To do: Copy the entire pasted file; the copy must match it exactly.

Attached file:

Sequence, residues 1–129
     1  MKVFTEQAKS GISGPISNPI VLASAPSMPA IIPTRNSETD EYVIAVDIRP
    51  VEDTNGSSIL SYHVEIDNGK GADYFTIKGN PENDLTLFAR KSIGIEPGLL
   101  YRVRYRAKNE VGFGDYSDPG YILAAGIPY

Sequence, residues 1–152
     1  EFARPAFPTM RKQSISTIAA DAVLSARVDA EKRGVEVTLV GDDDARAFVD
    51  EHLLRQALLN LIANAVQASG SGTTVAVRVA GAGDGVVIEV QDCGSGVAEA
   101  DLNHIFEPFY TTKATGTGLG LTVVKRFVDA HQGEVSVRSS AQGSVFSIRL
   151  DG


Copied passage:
Sequence, residues 1–129
     1  MKVFTEQAKS GISGPISNPI VLASAPSMPA IIPTRNSETD EYVIAVDIRP
    51  VEDTNGSSIL SYHVEIDNGK GADYFTIKGN PENDLTLFAR KSIGIEPGLL
   101  YRVRYRAKNE VGFGDYSDPG YILAAGIPY

Sequence, residues 1–152
     1  EFARPAFPTM RKQSISTIAA DAVLSARVDA EKRGVEVTLV GDDDARAFVD
    51  EHLLRQALLN LIANAVQASG SGTTVAVRVA GAGDGVVIEV QDCGSGVAEA
   101  DLNHIFEPFY TTKATGTGLG LTVVKRFVDA HQGEVSVRSS AQGSVFSIRL
   151  DG